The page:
In 30 years time, will government carbon reduction targets even matter?
The European Union recently agreed to a 40% reduction in CO2 emissions, based on 1990 levels, by 2030. Unsurprisingly, the significance of this deal depends on who you speak to. Britain's energy minister Ed Davey told The Guardian it was the most significant environmental agreement the UK has entered into, bringing coal-dependent nations like Poland onboard with cutting their emissions. Meanwhile, according to Mintpress News, Molly Walsh of Friends of the Earth Europe said the commitment was “barely more than business-as-usual.” Oxfam and Greenpeace also weighed in with disappointment at a lack of ambition for the deal.
What really interests me, however, is the growing evidence that we may see radical change in our energy and transportation systems despite, not because of, such international climate deals. From the radical drop in solar power costs through electric car sales that are beginning to look like the early stages of a disruptive innovation in the marketplace. (Remember pre-cellphone landlines, anyone?) From China's coal use declining to massive corporations aiming for 100% renewables. Significant parts of the current carbon-intensive economy may find their days numbers whether or not governments step up and do what needs to be done.
That said, I don't intend to argue that the EU's carbon reduction targets don't matter. Leaving aside the fact that cutting emissions from cars or coal may prove much easier than tackling the impact of agriculture, or aviation, we can't forget that international deals still send signals about which way the wind is blowing.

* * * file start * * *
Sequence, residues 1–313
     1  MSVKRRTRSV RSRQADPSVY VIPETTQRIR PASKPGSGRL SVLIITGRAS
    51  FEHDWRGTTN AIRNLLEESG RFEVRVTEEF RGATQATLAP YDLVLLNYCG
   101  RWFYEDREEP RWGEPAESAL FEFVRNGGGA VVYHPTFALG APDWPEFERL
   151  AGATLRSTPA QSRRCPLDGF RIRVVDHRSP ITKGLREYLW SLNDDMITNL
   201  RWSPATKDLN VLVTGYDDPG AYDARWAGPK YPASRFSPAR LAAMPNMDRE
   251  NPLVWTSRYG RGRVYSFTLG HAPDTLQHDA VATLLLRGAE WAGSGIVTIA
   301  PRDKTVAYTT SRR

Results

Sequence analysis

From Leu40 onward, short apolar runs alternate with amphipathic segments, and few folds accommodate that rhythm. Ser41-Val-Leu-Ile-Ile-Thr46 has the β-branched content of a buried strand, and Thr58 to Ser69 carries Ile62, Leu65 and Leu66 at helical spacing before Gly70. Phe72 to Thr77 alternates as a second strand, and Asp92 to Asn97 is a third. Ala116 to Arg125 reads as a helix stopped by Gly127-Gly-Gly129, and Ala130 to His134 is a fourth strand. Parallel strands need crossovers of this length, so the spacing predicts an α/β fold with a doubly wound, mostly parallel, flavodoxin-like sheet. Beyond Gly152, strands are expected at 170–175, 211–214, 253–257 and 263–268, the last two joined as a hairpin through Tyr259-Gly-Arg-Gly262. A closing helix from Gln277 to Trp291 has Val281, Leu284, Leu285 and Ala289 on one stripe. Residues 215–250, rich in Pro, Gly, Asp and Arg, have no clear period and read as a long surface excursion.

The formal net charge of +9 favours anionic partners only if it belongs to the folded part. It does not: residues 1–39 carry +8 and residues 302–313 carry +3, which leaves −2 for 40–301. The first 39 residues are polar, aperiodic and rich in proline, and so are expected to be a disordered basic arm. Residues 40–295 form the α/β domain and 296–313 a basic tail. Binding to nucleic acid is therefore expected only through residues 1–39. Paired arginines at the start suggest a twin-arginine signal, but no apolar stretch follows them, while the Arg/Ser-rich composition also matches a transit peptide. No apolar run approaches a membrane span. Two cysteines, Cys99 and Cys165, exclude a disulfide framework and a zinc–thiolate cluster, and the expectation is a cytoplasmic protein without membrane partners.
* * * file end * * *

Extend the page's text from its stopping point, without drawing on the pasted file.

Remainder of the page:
By doing more than most, the EU's leaders have opened up opportunities for long-term investment in clean tech and emissions reductions. By not doing as much as the science suggests we need, they've demonstrated the need for environmentalists to also look elsewhere for climate leadership. And here, the actual wording of the EU deal is important, wording which Ed Davey claimed in The Guardian may actually be leverage to encourage action from others:
“The package is clear that it is ‘at least 40%’ – so the review is upwards only,” Davey said. “If we get a really good deal and America and China step forward, it means that we can go further. But the EU is saying that we are going to do 40% regardless of the rest of world.”
A left-leaning client of mine recently lamented the "increasing toxicity and irrelevance of government." I am not yet ready to give up on government. But when Mars confectionery shows more leadership than the leaders of our nations, you do have to wonder. Time to push our leaders to prove that "at least 40%" becomes the baseline for more ambitious, more principled, more far-reaching change.